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Client Growth: A Retrospective

AMPED is proud to contribute to and share in the growth of our client partners. Here's a snapshot of growth one of our clients enjoyed over a 10-years with AMPED.

 

Client Case Study Infograph 2018

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Fast Transition to a Virtual Meeting Yields Educational and Financial Success

Using the resources of the AMC model, AMPED staff are able to pivot and learn quickly to support our client organizations in times of crisis and change. In the example below, the AMPED team paved the way and cleared many hurdles toward transitioning to a virtual meeting environment, sharing successes and challenges with other AMPED teammates along the way. 

 

American Academy of Anesthesiologist Assistants (AAAA) - Spring 2020

The original American Academy of Anesthesiologist Assistants (AAAA) Annual Meeting was originally planned for April 3-7, 2020 in Charlotte, North Carolina at the Westin Charlotte. At the time the decision was made to fully cancel the in-person meeting, there were 542 registrations and $30,000 in sponsorships.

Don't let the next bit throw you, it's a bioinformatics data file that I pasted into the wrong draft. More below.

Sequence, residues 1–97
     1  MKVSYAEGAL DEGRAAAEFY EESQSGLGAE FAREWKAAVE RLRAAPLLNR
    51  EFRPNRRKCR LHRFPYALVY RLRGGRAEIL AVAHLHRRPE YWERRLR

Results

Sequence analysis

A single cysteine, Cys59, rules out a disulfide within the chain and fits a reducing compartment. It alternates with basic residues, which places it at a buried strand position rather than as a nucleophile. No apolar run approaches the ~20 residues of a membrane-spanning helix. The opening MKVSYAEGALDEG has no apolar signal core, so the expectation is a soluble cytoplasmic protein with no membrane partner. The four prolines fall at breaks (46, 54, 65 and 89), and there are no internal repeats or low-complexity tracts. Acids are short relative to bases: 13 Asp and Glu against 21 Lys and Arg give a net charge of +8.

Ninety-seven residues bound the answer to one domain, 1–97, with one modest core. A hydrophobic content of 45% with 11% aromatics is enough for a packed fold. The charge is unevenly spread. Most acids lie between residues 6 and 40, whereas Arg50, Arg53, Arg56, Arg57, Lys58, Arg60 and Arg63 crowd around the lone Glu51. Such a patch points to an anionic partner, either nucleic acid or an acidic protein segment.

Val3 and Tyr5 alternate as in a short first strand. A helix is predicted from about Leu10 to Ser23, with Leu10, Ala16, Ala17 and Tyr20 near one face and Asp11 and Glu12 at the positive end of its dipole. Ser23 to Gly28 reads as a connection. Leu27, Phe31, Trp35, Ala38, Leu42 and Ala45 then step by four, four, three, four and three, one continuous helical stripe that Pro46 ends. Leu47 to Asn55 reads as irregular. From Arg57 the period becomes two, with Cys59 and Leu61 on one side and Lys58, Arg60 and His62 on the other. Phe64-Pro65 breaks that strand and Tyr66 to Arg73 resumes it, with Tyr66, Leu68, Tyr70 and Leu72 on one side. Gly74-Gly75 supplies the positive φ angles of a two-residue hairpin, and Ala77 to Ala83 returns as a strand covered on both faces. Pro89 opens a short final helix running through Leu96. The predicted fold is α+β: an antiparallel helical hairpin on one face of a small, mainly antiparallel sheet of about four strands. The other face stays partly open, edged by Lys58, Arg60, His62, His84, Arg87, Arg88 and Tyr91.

As part of the decision process, the AMPED team worked very closely with the AAAA Board and hotel to present with three different scenarios:

  • Reschedule the meeting to the Fall of 2020 or Spring of 2021 at the Westin Charlotte
  • A hybrid meeting approach – using a combination of Marriott brand hotels in centralized locations to deliver meeting content
  • Complete meeting cancellation using the Impossibility/Force Majeure clause

It was vital that AMPED and AAAA move quickly with back-up plans as the meeting was CME-accredited and the attendees needed to submit their credits to renew their medical licenses by June.

On March 14, 2020, North Carolina Governor Roy Cooper signed an Executive Order that outlined a ban on mass gatherings, allowing AAAA to claim force majeure and cancel the hotel contract without penalty. Our team worked closely with all stakeholders to determine the right timing to cancel the meeting and how to communicate that with members/attendees. Further, pressure was felt from the AAAA member community, continuing news coverage about the pandemic, and the significant financial impact we would face from cancellation fees with the hotel.

Meanwhile, the AMPED team was preparing to “go virtual” and weighing platform options by participating in demonstrations from virtual learning companies like Digitell, Matchbox and Zoom. It was important to AAAA that the chosen platform: